6 - The Lying Heart (II-III)

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He sucked down a breath. "She's different. She's not—"

"Fully human," Mikie cut. "But she's still Maria. The fact she didn't flip out on you today and clamp down on your neck should be proof enough that there's still a good part of her stuck in there somewhere. And I think we need to trust that. At least see where she can lead us. If not to Mom directly, maybe to other survivors, other camps. There could be more people out there than just us and the ones who've split off."

Garrett sighed. The fissures were always difficult for the camp to handle. They appeared like clockwork, the group separating about every three years since they started searching for survivors. The first was simply over wanting to stay in one place, farm and work the land, live off what they could while West went onwards. They'd lost twelve people in that first wave. The second had been two years ago, where Shawn hadn't agreed with their ways of living. He wanted to go hunting—kill Virals instead of avoid them like they did. That fissure wasn't as quick, as clean. If the trend continued, they were due for another one soon.

"And what do you think camp will say when they all find out what we're up to?" It felt like he was chewing sandpaper. He didn't like it, not the form of it, not how he seemed to put the camp before Mikie, before his sister, before everything. But that's what he had to do. It's what he'd have to do if anything happened to West. He'd have to step up, and so he had to have the good of the camp in mind. "You think they'll just let you go off on this adventure?"

Mikie scowled, fussing with he dust jacket of her book. Its cover was worn, well loved. A Darker Shade. He knew the story well, and he knew it was her favorite escape.

"You're our best runner, Mikie. How many people do you expect to sit here and let you leave? How many do you expect to convince not to follow us?"

She refused to meet his eyes at that, and he knew he'd struck a nerve. He also knew he was right.

"If anyone finds out—"

"They won't. We won't tell anyone." She shook her head. "We lay low, two days. We figure out where Maria wants to take us, and then we leave. Without a trace. We disappear. That way there's no fissure. There's no one scrambling for supplies before winter, and then West doesn't have to panic about us because he has no way to follow or find us." She sighed. "You don't have to go, you know. But I need to see if what Maria's trying to tell us is true. I need to know if my mom's still out there—if she's survived this long or if I need to put a bullet in her brain."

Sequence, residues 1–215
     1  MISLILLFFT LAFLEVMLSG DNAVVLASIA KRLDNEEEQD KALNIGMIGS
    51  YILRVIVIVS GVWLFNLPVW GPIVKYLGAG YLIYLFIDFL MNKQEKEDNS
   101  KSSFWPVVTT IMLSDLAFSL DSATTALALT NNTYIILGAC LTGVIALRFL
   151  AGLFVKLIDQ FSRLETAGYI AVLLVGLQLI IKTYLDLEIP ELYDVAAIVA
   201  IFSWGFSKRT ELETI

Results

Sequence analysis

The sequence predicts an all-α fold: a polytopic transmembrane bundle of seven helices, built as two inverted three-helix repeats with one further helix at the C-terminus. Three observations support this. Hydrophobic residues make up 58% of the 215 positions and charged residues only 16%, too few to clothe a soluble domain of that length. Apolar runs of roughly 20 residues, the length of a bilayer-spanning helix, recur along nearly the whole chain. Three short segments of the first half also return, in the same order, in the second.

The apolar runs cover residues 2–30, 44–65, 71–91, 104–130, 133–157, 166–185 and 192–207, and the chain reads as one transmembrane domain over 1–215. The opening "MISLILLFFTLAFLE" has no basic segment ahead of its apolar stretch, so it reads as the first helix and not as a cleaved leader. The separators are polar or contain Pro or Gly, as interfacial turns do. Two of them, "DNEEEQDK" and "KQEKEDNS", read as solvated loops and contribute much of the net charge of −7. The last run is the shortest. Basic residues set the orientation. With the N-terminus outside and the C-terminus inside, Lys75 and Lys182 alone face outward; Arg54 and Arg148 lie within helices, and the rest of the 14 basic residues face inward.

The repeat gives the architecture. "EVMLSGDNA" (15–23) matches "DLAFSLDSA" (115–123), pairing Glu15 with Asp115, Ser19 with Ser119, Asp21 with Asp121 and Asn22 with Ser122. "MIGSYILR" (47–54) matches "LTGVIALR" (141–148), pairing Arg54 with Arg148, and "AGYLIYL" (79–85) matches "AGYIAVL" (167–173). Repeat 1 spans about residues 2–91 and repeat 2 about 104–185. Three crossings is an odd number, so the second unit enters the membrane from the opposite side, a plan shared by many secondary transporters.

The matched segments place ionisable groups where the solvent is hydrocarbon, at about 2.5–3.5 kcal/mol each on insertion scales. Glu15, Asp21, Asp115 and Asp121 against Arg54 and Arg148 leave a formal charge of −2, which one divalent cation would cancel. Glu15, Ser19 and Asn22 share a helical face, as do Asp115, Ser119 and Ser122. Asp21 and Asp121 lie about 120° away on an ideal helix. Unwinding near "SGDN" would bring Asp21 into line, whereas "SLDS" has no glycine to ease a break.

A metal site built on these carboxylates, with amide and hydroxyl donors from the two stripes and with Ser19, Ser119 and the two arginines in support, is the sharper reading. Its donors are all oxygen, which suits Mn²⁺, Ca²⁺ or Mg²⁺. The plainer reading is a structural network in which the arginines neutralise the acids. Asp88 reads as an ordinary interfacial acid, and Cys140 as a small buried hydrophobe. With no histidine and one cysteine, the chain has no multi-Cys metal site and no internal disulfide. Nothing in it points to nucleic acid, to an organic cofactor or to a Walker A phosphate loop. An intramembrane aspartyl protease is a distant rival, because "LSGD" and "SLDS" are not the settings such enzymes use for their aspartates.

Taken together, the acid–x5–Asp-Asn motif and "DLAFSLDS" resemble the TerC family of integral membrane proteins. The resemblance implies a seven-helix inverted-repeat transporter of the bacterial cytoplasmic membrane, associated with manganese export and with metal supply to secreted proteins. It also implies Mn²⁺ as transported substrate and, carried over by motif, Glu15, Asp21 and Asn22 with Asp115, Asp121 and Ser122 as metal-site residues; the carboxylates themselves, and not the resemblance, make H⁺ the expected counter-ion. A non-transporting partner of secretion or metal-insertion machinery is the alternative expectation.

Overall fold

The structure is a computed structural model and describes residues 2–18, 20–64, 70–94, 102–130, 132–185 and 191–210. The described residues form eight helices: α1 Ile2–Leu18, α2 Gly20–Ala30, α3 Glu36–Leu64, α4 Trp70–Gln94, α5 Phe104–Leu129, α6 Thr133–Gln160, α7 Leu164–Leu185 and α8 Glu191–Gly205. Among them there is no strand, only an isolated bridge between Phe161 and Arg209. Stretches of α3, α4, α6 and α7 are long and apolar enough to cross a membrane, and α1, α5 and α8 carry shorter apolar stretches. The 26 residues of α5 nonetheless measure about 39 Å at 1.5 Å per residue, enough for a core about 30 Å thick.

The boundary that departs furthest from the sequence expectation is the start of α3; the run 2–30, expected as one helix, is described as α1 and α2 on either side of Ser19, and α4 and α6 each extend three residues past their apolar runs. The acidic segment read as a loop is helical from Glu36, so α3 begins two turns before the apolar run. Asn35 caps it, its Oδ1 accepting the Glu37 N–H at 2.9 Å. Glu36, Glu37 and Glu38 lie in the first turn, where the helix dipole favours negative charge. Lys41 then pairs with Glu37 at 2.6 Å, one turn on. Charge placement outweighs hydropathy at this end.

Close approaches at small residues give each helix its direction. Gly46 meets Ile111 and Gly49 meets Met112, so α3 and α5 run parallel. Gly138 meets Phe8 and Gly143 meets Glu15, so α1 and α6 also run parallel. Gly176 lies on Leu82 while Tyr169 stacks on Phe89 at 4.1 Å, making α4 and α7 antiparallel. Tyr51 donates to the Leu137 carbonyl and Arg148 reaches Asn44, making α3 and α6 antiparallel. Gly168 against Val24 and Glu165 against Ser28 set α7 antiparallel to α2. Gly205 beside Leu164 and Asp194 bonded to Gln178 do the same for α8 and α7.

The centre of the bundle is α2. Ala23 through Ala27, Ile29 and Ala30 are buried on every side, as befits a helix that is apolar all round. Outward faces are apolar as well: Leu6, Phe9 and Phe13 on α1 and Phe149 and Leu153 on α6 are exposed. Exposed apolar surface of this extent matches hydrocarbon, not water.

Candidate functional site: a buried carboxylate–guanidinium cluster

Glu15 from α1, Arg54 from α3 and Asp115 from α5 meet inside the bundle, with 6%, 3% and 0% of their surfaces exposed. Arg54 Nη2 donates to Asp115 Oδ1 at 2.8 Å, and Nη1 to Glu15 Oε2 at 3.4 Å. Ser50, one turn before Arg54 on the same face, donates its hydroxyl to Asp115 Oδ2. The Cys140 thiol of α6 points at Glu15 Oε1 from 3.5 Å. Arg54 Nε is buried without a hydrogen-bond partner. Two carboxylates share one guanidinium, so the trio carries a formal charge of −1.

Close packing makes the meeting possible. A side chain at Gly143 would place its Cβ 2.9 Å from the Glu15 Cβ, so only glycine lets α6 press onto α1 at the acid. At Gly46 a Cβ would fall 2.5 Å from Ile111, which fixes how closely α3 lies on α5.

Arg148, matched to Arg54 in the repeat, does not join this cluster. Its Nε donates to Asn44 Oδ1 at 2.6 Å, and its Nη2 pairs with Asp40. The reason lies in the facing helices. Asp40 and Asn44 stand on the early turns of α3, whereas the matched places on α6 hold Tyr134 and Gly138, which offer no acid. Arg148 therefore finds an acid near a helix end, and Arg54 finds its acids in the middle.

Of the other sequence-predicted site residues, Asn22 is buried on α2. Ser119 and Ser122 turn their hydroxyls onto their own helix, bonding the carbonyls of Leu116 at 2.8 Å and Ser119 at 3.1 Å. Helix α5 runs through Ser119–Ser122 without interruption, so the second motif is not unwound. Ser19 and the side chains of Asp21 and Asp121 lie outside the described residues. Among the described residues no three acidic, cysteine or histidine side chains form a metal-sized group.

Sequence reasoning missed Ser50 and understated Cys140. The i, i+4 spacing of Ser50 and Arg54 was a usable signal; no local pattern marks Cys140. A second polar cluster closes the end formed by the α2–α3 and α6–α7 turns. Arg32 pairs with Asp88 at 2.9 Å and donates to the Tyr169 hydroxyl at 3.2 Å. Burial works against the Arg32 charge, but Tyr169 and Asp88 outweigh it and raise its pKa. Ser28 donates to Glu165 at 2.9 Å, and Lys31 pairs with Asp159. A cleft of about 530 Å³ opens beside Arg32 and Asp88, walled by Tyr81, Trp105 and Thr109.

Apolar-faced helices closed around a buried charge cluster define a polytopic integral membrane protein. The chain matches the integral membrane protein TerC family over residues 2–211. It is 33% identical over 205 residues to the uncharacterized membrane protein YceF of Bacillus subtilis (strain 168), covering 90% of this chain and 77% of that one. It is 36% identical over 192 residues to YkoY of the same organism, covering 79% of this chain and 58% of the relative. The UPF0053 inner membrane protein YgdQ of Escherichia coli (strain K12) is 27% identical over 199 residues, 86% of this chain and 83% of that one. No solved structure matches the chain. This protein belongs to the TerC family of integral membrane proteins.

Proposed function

He shifted. He could stay. His choices were right in front of him. On the one hand he'd be living more of the same, but he'd also be covering up what he knew about Mikie's plan. And he wasn't sure he do that, remain at camp and let her and Andy explore the world alone. He didn't know that he trusted either sister alone with Maria. He wasn't sure if anyone would be fast enough to stop her if she turned on them. But having an extra set of eyes certainly wouldn't hurt. And on the other hand, if he went, he wasn't sure what they'd find. Maria could be trapping them. Or she could be right. They could find Mrs. Jameson. She could be working on a cure. They could irradiate the virus, return Maria to normal, even. And the weight of that, the sweetness of that possibility was all too tempting.

He almost swallowed the words but spit them out instead. "I'm in."

Mikie stared at him, hard. "You're sure?"

He nodded. It was a catalyst, the moment where he had to choose between ignoring the abnormalities and letting his life remain the same or to take the risk and the adventure and let his life change because of it. He could pinpoint the moment in any film. And it dawned on him after he said "Yes" that this was one of those moments. He was standing in that moment, and the world shifted a little bit—becoming bigger, brighter—with his answer.

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